Non-medical circumcision is a "serious and irreversible interference in the integrity of the human body,” the Cologne district court ruled.
This criminalises religious circumcisions performed by Jews and Muslims, the Financial Times Deutschland newspaper said on Tuesday. It says circumcision should be considered a crime of bodily harm.
Thousands of very young boys are circumcised in Germany each year, mainly for religious reasons.
In the United States most boys are circumcised shortly after birth - regardless of their religion, though the practice has declined in recent years and anti-circumcision protest groups have sprung up.
German doctors performing circumcisions that are not medically necessary have until now operated in a grey legal area. Until now they could claim that they were unaware that performing a circumcision is a crime.
Even if a physician was later found guilty by a court, there was a legal loophole and he could claim that the law was improper and avoid punishment. That is no longer the case, the Financial Times Deutschland said.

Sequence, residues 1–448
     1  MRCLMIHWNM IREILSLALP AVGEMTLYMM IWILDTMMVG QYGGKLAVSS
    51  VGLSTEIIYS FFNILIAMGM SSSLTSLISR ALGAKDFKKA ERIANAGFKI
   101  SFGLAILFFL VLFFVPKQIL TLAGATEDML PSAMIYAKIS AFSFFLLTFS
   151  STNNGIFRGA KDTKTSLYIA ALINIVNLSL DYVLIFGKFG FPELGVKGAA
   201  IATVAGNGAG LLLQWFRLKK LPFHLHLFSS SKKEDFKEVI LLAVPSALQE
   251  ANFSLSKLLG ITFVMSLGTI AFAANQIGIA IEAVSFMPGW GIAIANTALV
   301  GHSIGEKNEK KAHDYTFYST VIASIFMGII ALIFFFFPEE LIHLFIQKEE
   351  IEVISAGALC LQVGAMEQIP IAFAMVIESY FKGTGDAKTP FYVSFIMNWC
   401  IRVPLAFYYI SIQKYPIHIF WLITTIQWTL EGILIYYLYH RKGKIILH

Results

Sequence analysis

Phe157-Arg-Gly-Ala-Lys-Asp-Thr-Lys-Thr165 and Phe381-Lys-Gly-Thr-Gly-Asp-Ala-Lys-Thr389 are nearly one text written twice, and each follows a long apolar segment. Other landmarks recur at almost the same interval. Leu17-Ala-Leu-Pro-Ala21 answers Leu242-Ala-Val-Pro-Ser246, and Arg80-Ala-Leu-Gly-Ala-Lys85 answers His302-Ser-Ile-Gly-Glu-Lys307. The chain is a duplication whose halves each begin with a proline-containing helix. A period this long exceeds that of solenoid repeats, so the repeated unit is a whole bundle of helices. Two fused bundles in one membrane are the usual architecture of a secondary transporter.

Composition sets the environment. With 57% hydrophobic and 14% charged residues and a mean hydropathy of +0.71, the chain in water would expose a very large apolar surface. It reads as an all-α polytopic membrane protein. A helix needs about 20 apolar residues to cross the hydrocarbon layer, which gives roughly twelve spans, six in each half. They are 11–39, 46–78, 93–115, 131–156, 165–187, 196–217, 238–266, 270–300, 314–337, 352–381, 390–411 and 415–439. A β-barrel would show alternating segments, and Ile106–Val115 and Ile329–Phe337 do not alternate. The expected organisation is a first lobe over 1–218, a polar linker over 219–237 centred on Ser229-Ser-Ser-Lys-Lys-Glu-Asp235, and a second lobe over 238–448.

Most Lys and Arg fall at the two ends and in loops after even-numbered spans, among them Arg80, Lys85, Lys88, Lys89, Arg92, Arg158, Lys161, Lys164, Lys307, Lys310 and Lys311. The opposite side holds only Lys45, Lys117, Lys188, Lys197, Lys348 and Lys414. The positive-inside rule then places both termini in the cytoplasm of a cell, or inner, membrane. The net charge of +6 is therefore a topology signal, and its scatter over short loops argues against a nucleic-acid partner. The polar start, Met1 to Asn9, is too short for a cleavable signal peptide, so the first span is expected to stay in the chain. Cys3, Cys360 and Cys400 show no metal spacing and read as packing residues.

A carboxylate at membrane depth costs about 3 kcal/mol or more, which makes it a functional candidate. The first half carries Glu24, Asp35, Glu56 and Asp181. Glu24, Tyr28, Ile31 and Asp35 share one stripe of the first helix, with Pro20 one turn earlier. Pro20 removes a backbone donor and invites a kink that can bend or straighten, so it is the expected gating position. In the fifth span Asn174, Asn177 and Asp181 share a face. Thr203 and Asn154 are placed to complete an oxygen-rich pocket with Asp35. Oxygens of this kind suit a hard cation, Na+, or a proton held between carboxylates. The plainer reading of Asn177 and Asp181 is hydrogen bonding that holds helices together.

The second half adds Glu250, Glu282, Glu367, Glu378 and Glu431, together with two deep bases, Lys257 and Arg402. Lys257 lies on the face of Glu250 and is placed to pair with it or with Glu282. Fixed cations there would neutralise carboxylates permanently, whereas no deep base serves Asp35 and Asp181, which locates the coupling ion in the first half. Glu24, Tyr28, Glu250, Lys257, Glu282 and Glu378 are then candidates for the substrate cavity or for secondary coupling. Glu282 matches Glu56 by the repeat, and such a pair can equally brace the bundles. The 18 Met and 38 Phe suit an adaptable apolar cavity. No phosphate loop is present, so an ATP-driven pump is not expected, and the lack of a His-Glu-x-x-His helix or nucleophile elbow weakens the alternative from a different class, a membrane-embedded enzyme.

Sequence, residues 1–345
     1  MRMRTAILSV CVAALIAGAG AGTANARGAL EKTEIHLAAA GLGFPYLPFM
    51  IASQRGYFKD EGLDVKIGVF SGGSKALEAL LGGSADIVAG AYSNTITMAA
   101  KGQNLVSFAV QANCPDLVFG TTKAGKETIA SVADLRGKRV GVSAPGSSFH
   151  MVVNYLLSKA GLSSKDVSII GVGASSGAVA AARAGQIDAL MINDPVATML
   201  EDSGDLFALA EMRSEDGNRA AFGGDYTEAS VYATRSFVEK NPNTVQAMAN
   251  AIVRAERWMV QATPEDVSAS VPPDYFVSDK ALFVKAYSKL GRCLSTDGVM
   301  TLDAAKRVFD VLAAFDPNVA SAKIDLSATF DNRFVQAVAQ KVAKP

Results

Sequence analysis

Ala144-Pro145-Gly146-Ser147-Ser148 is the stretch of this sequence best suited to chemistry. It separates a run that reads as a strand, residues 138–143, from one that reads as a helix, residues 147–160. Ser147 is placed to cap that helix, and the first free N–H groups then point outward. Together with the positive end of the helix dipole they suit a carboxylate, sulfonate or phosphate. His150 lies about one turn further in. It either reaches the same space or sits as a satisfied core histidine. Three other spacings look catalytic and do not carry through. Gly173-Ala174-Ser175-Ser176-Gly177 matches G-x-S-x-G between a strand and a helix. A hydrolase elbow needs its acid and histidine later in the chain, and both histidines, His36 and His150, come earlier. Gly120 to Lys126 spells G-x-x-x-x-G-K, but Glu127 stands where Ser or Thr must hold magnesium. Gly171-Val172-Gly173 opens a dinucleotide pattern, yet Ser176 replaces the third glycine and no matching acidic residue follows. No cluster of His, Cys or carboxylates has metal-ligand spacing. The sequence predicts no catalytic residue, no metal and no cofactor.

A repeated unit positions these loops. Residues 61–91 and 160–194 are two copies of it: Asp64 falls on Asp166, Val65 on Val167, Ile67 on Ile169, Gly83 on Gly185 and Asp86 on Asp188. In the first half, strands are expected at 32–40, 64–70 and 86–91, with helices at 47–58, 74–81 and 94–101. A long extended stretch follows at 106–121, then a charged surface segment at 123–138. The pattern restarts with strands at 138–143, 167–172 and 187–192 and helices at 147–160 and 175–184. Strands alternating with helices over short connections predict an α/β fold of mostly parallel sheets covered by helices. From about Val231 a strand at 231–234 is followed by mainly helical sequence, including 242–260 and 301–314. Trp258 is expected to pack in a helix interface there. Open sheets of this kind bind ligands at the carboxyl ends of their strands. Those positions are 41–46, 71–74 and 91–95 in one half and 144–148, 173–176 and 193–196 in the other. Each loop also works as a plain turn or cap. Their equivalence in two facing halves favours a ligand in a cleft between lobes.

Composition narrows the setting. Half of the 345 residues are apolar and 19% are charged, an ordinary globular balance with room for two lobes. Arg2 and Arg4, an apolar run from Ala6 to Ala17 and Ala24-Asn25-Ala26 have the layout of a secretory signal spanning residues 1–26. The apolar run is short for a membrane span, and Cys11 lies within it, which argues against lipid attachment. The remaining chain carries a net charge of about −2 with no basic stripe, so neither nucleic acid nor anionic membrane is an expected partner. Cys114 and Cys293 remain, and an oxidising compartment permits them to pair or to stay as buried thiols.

"The ruling is enormously important above all for doctors because it's the first time that they have a legal certainty," Holm Putzke of the University of Passau told the paper. He has been calling for prohibition for years.
“The court has, in contrast to many politicians, not allowed itself to be scared by the fear of being criticised as anti-Semitic or opposed to religion,” Putzke said.
"This decision could not only affect future legal rulings but in the best case it could lead to a change of consciousness among the affected religions when it comes to respecting the basic rights of children."
Jewish and Muslim groups have fought for years against a criminalisation of circumcision. They did not have any immediate comment on Monday's ruling, saying they needed to review it first, the paper said.
The court ruling is likely to be highly controversial – experts expect the matter will end up being decided by the Federal Constitutional Court.
The Cologne decision came after a Muslim doctor performed a circumcision on a four-year-old boy. Two days later the mother brought the child to the emergency room because he was bleeding.
The prosecutor's office learned of the situation and filed charges against the doctor. The doctor was found not guilty in the first instance, but the prosecutor appealed.